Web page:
Area of the body in the exact center of the torso. Generally located about one handspan above the belly button. Often associated with eastern healing methodologies as the center of one of the chakras in the body.

The place at the centre of the inverted v-shape of the bottom of your rib cage. In pulp detective novels, the hard-boiled hero will often hit (or get hit by) hard-ass thugs right there in order to knock the wind out of them.

The 'solar plexus' is the common name for what might be more properly called the celiac plexus. It isn't just a good spot to hit people, it's also a well-defined anatomical structure, and it's in your body for a good reason. Lets start with a definition:

A plexus is a spot in your body where a bunch of nerves come together, intermingle, and set off in new directions. This is useful because nerves from each part of the spinal cord or brain have specific functions, and any given organ might need to be serviced by multiple nerves. A plexus is where the specialized nerves are split and rebundled for various organs.

The solar plexus is actually a bundle of nerves behind your stomach, where it passes by the celiac artery. It is anterior to the first lumbar vertebra (L1). It is composed of spinal splanchnic nerves that serve the sympathetic nervous system, and part of the Vagus nerve, which serves the parasympathetic nervous system. These nerves recombine into bundles and head off to the lower esophagus, stomach, small intestines, most of the large intestines, liver, pancreas, spleen, adrenal glands, and kidneys.

Being hit in the solar plexus is very painful, and a hard blow can even damage the nerves, which could result in serious organ dysfunction. The solar plexus also serves the diaphragm, and a blow can cause the diaphragm to spasm, knocking the wind out of you and making it difficult to breathe. You can also inject a local anesthetic into the solar plexus, relieving severe organ pain; this is called a celiac plexus block.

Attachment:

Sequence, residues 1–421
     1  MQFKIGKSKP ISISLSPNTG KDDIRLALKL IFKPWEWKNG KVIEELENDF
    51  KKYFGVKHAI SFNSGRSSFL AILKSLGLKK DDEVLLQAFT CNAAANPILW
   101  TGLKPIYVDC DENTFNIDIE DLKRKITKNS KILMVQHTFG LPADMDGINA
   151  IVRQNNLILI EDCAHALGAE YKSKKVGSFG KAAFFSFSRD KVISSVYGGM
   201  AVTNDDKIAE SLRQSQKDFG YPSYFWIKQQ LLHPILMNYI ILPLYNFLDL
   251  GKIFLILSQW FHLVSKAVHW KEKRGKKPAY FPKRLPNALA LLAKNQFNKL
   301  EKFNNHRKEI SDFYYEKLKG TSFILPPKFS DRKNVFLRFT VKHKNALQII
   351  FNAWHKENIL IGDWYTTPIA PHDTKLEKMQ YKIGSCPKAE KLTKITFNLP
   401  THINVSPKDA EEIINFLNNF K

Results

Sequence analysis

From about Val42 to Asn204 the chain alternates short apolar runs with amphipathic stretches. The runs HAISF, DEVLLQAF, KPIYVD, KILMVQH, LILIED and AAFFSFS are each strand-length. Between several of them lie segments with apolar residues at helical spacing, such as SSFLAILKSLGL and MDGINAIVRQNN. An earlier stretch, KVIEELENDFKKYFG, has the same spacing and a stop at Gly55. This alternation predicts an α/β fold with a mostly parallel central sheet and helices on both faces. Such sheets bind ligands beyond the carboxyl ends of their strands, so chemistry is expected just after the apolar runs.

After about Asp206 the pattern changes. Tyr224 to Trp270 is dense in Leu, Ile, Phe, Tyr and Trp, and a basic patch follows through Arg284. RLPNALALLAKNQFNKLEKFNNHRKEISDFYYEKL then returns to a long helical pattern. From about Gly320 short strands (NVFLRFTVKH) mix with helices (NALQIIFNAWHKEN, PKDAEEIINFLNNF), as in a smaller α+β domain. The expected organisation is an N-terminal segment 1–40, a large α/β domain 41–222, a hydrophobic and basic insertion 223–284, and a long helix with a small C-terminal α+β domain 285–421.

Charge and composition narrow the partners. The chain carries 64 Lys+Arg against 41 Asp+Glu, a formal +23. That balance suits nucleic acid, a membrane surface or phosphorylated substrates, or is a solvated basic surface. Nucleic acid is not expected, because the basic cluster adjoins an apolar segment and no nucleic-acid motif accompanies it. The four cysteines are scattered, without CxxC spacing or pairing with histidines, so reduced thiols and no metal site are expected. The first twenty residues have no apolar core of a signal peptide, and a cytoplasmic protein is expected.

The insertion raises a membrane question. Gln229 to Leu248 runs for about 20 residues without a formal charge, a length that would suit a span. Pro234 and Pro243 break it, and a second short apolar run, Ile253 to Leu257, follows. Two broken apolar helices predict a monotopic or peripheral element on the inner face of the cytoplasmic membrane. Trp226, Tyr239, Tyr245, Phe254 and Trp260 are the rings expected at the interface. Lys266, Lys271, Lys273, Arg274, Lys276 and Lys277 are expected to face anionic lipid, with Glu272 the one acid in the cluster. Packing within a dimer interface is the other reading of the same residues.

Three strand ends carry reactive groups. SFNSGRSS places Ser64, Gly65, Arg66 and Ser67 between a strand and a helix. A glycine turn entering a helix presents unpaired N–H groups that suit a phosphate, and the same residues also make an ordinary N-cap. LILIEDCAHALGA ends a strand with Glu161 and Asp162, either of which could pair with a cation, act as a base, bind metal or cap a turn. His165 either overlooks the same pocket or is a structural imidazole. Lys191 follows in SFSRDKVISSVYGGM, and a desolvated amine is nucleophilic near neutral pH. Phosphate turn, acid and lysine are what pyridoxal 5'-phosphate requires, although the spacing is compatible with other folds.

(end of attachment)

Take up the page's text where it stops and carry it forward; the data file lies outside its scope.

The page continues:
While there are numerous plexuses in the body, the solar plexus is notable in that it serves lots of important organs, and of course, in that it is comparatively unprotected. The cardiac plexus, on the other hand, is protected by the rib cage, preventing Jackie Chan from giving the bad guys sudden, violent heart attacks.


Etymology:
It used to be a favorite pastime of anatomists to make up new words for various bodily structures; it is a rare piece of meat that doesn't have at least three different names. The Solar plexus is no exception. I haven't been able to track down who gave it what name when, but here's a quick list of names and what they mean.

'Plexus' is Latin for 'braid', or 'network'.

Solar is Latin for sun, and may refer to the many 'rays' of nerves emanating from the plexus, or it might refer to the central position in the body. This is not actually a very descriptive term, which is probably why it didn't make it into the Nomina Anatomica.

Rarely, you will see the solar plexus called the epigastric plexus. Epi- is Greek for 'beside' or 'over' and gaster is Greek for 'stomach'. This is used in Gray's Anatomy (as is solar plexus), but is rarely seen anywhere else.

The names celiac plexus, coeliac plexus, and plexus celiacus are all based on the Latin coeliacus, meaning 'belly'. Celiac plexus is currently the 'most official' term among medical professionals. So, next time you're watching a ninja movie and you want to show of your cosmopolitan knowledge of anatomy (and Latin!), you can just say "Ha! Got him right in the Belly Braid."

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